The spectrum allocated to CB Radios is divided into 40 channels, spanning frequencies from 26.965 to 27.405 MHz. These channels are typically separated by a spacing of 10 KHz.

Although these channels are accessible to everyone, certain channels have established purposes, which are indicated in the provided table. For instance, Channel 9 is reserved for emergency communications, while Channel 19 is primarily utilized by truck drivers.

If you wish to obtain specific information or share messages on these channels, you are encouraged to do so or simply switch over to listen. However, it’s important to note that truckers have their own unique terminologies and informal speech, and talkative visitors are not always warmly received. Therefore, if you decide to join Channel 19 as an outsider, be prepared and aware of the environment you are entering.

Channel Frequency Purpose
1 26.965 MHz General public use
2 26.975 MHz General public use
3 26.985 MHz General public use
4 27.005 MHz General public use but often used for off-roading activities
5 27.015 MHz General public use
6 27.025 MHz General public use
7 27.035 MHz General public use
8 27.055 MHz General public use
9 27.065 MHz Emergency communications
10 27.075 MHz General public use but often used by truck drivers for regional roads
11 27.085 MHz General public use
12 27.105 MHz General public use
13 27.115 MHz General public use but often used by marine
14 27.125 MHz General public use but often used as a walkie talkie comms
15 27.135 MHz General public use
16 27.155 MHz General public use + SSB
17 27.165 MHz General public + Truckers (Topic: North/south traffic)
18 27.175 MHz General public use
19 27.185 MHz Truckers topic + Truckers (Topic: East/west highway traffic)
20 27.205 MHz General public use
21 27.215 MHz General public use + Truckers (Topic: Regional roads)
22 27.225 MHz General public use
23 27.255 MHz General public use
24 27.235 MHz General public use
25 27.245 MHz General public use
26 27.265 MHz General public use
27 27.275 MHz General public use
28 27.285 MHz General public use
29 27.295 MHz General public use
30 27.305 MHz General public use
31 27.315 MHz General public use
32 27.325 MHz General public use
33 27.335 MHz General public use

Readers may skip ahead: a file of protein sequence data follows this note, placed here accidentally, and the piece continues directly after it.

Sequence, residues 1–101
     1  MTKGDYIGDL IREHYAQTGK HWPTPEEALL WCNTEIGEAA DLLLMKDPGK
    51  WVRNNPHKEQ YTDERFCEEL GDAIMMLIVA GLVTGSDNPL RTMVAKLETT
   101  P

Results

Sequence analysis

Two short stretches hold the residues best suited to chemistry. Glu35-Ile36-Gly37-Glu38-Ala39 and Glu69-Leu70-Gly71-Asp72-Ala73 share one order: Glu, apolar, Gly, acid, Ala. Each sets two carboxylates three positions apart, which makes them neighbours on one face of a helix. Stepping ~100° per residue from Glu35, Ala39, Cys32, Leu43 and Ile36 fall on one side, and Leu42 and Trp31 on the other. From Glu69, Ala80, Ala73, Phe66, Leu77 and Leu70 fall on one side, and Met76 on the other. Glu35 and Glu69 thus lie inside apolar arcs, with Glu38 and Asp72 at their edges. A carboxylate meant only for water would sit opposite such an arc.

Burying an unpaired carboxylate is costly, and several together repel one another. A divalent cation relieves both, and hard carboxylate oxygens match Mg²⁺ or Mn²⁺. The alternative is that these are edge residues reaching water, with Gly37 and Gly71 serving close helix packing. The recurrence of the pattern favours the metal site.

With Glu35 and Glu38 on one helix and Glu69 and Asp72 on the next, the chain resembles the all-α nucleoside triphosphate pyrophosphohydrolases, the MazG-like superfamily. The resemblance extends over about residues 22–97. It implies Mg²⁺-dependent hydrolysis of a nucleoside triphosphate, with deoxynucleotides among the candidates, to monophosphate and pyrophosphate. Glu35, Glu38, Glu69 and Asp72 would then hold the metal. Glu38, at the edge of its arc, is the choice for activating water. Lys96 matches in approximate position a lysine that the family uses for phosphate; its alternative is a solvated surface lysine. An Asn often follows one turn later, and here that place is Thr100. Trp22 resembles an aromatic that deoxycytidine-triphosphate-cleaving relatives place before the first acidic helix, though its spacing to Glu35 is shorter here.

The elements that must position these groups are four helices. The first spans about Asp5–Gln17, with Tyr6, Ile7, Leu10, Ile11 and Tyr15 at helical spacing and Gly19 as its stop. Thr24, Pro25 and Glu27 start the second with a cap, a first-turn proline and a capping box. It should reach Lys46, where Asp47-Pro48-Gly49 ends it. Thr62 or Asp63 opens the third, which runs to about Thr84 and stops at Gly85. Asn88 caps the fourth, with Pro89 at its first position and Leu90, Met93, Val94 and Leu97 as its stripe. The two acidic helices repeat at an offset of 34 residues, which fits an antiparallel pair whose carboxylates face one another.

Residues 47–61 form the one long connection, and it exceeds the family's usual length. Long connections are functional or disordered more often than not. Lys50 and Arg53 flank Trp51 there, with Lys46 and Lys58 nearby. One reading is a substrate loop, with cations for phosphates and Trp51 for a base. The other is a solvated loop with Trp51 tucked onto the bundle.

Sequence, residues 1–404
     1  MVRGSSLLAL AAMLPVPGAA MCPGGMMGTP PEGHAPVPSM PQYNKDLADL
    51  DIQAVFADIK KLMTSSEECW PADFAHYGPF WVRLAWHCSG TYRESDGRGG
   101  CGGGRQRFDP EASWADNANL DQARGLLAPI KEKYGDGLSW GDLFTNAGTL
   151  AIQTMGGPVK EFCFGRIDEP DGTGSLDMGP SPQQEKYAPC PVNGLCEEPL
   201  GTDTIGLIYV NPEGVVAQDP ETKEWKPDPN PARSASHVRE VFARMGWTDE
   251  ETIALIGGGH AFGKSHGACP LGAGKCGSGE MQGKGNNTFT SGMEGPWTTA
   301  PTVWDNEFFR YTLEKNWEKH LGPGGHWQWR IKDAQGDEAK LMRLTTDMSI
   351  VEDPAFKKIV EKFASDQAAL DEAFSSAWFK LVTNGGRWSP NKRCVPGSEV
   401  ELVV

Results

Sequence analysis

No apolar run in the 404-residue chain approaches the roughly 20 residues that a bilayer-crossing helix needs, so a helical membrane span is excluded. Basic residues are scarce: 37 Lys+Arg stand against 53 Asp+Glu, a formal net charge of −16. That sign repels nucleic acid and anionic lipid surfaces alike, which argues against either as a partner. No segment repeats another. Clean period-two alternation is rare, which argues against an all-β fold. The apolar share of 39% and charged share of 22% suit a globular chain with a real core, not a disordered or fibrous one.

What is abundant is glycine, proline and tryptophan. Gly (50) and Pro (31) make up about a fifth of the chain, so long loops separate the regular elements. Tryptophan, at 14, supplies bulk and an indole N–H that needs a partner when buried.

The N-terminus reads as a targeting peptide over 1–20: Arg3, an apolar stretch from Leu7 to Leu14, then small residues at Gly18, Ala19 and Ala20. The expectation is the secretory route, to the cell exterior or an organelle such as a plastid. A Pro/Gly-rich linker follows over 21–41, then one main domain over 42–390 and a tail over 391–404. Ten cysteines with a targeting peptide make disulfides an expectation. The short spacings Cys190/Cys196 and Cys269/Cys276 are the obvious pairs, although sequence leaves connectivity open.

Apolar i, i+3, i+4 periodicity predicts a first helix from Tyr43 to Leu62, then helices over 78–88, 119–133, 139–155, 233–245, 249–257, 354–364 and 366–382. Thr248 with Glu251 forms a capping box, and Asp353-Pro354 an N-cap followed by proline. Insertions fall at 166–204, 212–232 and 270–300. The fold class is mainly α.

34 27.345 MHz General public use
35 27.355 MHz General public use
36 27.365 MHz General public use + SSB
37 27.375 MHz General public use + SSB
38 27.385 MHz General public use + SSB + LSB
39 27.395 MHz General public use + SSB
40 27.405 MHz General public use + SSB

Why is it Limited to 40 Channels?

In simple terms, there are different operators assigned to frequencies by FCC other than those used by CB Radios.

Frequencies such as 27.430, 27.450, 27.470, 27.490, 27.510, and 27.530 MHz belong to the Business Radio Service, which falls within the VHF and UHF two-way radio bands.

The federal government controls frequencies from 27.540 to 28.000 MHz, while the U.S. military uses frequencies from 26.480 to 26.960 MHz.

The Civil Air Patrol, a part of the U.S.A.F., is assigned 26.620 MHz, although they primarily use VHF frequencies nowadays.

The 10-meter amateur radio (Ham) band spans from 28.000 to 29.700 MHz.

It is against the law to use frequencies or channels outside the CB range or within the 11-meter frequency range (above or below the 10 kHz spacing) and even the top CB radios are bound by those rules. This practice, known as freebanding, may seem tempting when CB frequencies are congested, and other frequencies appear quiet. However, I strongly advise against succumbing to that temptation and it is best to avoid freebanding altogether.

These frequencies are assigned to other operators, including the federal government, and engaging in such activities carries significant risks. Legal operators on these channels are vigilant in reporting unauthorized use, and the Federal Communication Commission (FCC) takes strict action, including:

  • Issuing a Notice of Apparent Liability
  • Confiscating your radio equipment
  • Imposing fines of $10,000 or more
  • Suspending your FCC license(s)